This year, the small Caribbean island of Curaçao is celebrating 125 years of trademark history, and the fact that it was one of the first countries in the region to establish a fully operational trademark registration system.
IP Australia’s Director General, Patricia Kelly, discusses the expanding role for artificial intelligence in her Organization’s work.
A pioneering new water technology called the CloudFisher® offers communities facing severe water shortages in arid coastal or mountainous regions an affordable and sustainable source of clean water.
Dr. Helen Lee talks about SAMBA, a game-changing new point-of-care diagnostic tool for healthcare workers in resource-poor settings, and shares her views on innovation and intellectual property.
Forty years ago on June 1, 1978, the Patent Cooperation Treaty, which facilitates the process of obtaining patent protection in now up to 152 countries, began operations.
A California federal judge granted Italian luxury company Gianni Versace SpA summary judgment on its trademark infringement lawsuit against a company founded by an unrelated family that took advantage of the shared Versace name and began peddling similar fashion merchandise.
The Federal Circuit overturned a nearly $14 million infringement verdict against three LED manufacturers on Wednesday, finding that the claim in Boston University’s patent that they allegedly infringed describes something physically impossible, making it ineligible for patent protection.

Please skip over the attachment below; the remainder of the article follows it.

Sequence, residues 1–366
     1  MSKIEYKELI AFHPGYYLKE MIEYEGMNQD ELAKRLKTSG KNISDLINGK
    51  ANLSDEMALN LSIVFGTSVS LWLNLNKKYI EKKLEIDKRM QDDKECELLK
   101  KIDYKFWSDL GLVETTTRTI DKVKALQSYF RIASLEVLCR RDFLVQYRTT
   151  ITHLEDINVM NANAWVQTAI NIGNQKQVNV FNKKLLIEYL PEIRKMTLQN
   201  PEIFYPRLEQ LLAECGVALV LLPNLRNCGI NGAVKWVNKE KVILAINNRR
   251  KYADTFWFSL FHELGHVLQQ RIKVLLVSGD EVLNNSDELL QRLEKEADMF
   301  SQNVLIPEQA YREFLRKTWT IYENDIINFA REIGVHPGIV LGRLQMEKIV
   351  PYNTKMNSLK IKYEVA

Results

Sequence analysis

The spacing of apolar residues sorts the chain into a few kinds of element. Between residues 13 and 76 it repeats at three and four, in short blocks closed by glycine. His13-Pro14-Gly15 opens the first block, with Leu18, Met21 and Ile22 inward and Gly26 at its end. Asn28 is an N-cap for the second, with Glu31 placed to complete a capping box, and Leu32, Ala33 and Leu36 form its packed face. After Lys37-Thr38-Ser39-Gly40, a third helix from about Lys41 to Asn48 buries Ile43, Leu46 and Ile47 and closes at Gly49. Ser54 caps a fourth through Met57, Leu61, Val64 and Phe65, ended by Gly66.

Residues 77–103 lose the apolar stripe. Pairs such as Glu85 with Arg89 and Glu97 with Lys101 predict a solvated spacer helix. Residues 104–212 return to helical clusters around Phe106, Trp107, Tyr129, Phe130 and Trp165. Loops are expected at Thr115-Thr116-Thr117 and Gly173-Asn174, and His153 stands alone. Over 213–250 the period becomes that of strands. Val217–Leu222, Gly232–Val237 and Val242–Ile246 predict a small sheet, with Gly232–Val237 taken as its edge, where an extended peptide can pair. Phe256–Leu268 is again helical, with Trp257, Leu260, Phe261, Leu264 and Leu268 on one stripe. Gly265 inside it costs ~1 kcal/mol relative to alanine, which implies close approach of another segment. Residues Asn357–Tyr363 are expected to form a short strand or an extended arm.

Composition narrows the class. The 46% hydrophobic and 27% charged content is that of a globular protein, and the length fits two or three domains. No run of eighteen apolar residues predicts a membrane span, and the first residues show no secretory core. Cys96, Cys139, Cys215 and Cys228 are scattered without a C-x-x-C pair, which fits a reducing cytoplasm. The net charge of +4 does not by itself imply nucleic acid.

Hollywood legend Clint Eastwood claims in a suit filed Tuesday in New York federal court that patents for treatments aimed at fighting diabetes and other diseases, in which he says he invested, were unlawfully ripped away from their inventor by a medical company while the man was recovering from a stroke.
CloudFlare Inc. asked a California federal judge to make Swarmify pay $200,000 in attorneys’ fees Tuesday, following Swarmify’s voluntary dismissal of trade secret theft claims against CloudFlare earlier this month, saying the video streaming startup proceeded with its suit in bad faith.
ZUP LLC’s patent on a water recreation board pulled behind boats that inexperienced riders can use lying down, kneeling or standing is invalid as obvious, the Federal Circuit ruled Wednesday in a win for Nash Manufacturing Inc., a competitor ZUP accused of infringement.